members, is that it allows a student control in designing his or
her own project. Sometimes the project includes an internship, but
that is not essential. Leviatin explains, "We found a program that
brings the current economy and research performed at universities
into students' lives - in most high schools there is a 10-to 15-year
gap between what happens and what kids learn." Although at first
glance the program may seem to give students too much freedom, it
is, in fact, quite structured. Students must keep a daily journal,
have weekly meetings with a mentor of their choice, do research,
and make a final presentation, which is evaluated by fellow students,
teachers, and community members.
students, teachers, and community members constitute the task force,
which is essential to the implementation and maintenance of WISE.
Leviatin and his staff always present WISE to schools as a changing
and dynamic program, in which the task force makes all planning
decisions and constantly evaluates and improves the process. "Collaboratively,
learning communities are formed, and teens are seen in a more positive
light," Leviatin stresses. "WISE empowers young people and parents
who are working together with teachers as equals." Approximately
15 to 20 people make up the task force, and all members contribute
to the group equally, regardless of age and seniority, which would
not occur in a traditional classroom setting.
task force does not grade students, but after the public presentation,
in a closed session, a team of evaluators composed of students,
teachers, and parents summarize their impressions, both positive
and negative, of a student's project. After the oral evaluation,
the mentor writes a final evaluation.
now, 13 of the 37 senior programs exist at schools in Westchester
County, New York. However, the most recent additions have been East
High School and Abraham Lincoln High School in Denver, Colorado,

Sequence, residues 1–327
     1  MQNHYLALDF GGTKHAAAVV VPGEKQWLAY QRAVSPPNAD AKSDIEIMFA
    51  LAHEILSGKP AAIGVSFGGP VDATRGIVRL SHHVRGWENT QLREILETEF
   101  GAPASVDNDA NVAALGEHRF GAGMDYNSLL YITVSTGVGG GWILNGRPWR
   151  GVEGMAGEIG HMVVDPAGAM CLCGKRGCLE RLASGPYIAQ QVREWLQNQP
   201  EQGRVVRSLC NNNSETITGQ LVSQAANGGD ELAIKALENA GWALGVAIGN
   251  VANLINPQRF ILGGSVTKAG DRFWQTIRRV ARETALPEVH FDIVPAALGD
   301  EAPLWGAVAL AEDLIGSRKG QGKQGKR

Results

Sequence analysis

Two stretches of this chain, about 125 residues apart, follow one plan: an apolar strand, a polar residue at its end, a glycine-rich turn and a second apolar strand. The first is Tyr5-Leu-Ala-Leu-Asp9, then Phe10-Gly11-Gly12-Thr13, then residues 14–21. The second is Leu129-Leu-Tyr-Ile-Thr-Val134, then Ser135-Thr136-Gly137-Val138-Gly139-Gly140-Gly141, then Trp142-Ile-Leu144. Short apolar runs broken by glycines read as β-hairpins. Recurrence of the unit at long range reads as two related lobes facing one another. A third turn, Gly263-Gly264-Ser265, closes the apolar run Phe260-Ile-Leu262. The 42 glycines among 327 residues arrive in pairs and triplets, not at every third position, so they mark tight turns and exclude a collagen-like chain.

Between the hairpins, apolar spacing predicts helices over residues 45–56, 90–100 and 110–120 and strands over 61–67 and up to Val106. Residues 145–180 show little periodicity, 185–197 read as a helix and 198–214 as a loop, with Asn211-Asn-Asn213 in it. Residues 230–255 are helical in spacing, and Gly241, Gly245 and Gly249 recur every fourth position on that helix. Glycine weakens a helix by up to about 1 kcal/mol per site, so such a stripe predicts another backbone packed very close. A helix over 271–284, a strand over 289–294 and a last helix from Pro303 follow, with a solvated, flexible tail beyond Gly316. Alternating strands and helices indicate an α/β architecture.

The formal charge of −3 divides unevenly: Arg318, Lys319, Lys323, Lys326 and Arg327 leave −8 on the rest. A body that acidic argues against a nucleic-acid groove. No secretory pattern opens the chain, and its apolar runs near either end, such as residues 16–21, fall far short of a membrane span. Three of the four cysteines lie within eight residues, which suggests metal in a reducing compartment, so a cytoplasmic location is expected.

and Evanston Township High School in Illinois. There are also schools
with individualized senior experiences in Pennsylvania, California,
Florida, Connecticut, New Jersey and Massachusetts. All these programs
are structured by community members, under the guidance of WISE
Services, and custom-designed to fit local school cultures.
the hard work and determination of three retired teachers, WISE
Services has given students across the country the opportunity to
experience a similar "transformation." However, the three could
never have managed to build a 12-member board of directors, an eight-person
advisory board, and a nine-person staff without the support of teachers,
students, and community members who believed in the program. The
testament to the success of the WISE programs will always be the
graduates who help spread the idea to other schools, who serve on
task forces year after year, who mentor new WISE students, and who
work with the students in their fields of interest. The network
of alumni and schools involved in the program drives its success
and will ensure that more students have the opportunity to create
their own senior experiences.
find out how WISE Services can help your school district set up
a program, write, phone or e-mail:
Victor Leviatin, president
29 Old Tarrytown Rd, White Plains, NY 10603